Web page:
Rewalk Robotics suits up

Europe and the US approvals of the ReStore device have arrived within a week; now the company must deliver commercially.


US FDA clearance for Rewalk Robotics’ second powered exosuit, ReStore, will have come as a relief to the group’s investors after the troubles that have dogged the company’s first system. The group’s stock closed up 122% yesterday. 

Analysts had not expected the approval until the second half, so Rewalk is ahead of schedule. But this is a new kind of technology in an unproven market, and early adoption of the system will be closely watched. 

ReStore is designed to help in the rehabilitation of stroke survivors with mobility problems. The battery and motor part of the system is worn on the waist, and transmits power to a fabric leg brace and a foot plate under the shoe. This helps the patient lift their feet and move their legs. It also includes sensors worn on both shoes to enable the movements to be synchronised with the patient’s natural gait.

The system also tracks the patient’s performance, and rehab therapists can analyse the data to monitor improvements, tweaking the settings as necessary.

Commercial strategy

The company says this is the first soft exosuit approved in the US, as indeed it was in Europe when it was CE marked at the end of last month. The device will be priced at $28,900, and the company believes that it will fall into existing gait training reimbursement codes.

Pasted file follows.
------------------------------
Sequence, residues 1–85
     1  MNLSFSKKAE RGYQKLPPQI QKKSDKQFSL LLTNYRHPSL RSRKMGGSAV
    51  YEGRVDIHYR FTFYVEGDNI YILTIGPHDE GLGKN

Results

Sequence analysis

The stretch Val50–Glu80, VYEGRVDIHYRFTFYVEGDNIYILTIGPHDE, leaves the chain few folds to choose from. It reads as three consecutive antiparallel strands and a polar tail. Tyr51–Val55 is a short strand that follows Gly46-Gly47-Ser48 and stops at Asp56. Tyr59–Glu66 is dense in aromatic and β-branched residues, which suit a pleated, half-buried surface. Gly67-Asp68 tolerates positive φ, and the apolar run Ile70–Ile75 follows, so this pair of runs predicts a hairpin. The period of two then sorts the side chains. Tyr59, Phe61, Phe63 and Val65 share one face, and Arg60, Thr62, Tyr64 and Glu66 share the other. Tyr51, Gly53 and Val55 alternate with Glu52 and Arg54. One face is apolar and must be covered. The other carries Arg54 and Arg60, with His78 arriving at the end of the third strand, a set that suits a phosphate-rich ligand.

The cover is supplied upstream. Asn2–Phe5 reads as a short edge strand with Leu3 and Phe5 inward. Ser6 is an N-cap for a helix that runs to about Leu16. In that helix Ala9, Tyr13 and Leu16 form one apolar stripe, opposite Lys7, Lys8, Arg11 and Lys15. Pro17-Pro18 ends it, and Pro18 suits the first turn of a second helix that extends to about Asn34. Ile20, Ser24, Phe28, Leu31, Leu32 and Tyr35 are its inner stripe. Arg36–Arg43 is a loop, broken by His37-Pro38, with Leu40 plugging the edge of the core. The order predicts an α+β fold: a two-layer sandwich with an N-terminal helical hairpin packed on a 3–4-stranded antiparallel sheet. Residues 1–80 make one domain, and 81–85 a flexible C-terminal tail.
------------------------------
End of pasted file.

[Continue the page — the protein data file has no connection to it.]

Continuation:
In Europe ReStore will cost €28,500 and it is set to be launched this month. Rewalk plans to use its own sales force in Germany and the UK as these two countries have reimbursement policies in place for post-stroke rehabilitation. The group is expected to sign up distributors for France and Italy.

As well as selling the suit outright, the company intends to offer a leasing option, potentially allowing rehabilitation centres to limit their up-front capital investment. Investors will now want to see decent early adoption rates.

The company already sells the ReWalk exoskeleton for personal use by patients with spinal cord injury; it also sells the system to rehabilitation centres. ReWalk Personal reached the US five years ago, but was the subject of FDA warnings and skated close to being withdrawn from market (Rewalk draws the FDA’s ire, March 3, 2016).

Rewalk placed 85 of these systems in 2018, giving total revenues of $6.5m. But sales seem to be falling; in 2017 it had sales of $7.8m from 107 systems. Perhaps ReStore’s market debut will help reverse this apparent decline. 

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